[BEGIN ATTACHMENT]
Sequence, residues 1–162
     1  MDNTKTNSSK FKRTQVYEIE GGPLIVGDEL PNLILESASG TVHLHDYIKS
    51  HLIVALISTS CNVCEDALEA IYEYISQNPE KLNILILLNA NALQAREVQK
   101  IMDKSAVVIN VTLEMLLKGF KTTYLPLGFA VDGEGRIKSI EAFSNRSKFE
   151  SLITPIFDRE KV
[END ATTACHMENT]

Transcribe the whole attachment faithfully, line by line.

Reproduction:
Sequence, residues 1–162
     1  MDNTKTNSSK FKRTQVYEIE GGPLIVGDEL PNLILESASG TVHLHDYIKS
    51  HLIVALISTS CNVCEDALEA IYEYISQNPE KLNILILLNA NALQAREVQK
   101  IMDKSAVVIN VTLEMLLKGF KTTYLPLGFA VDGEGRIKSI EAFSNRSKFE
   151  SLITPIFDRE KV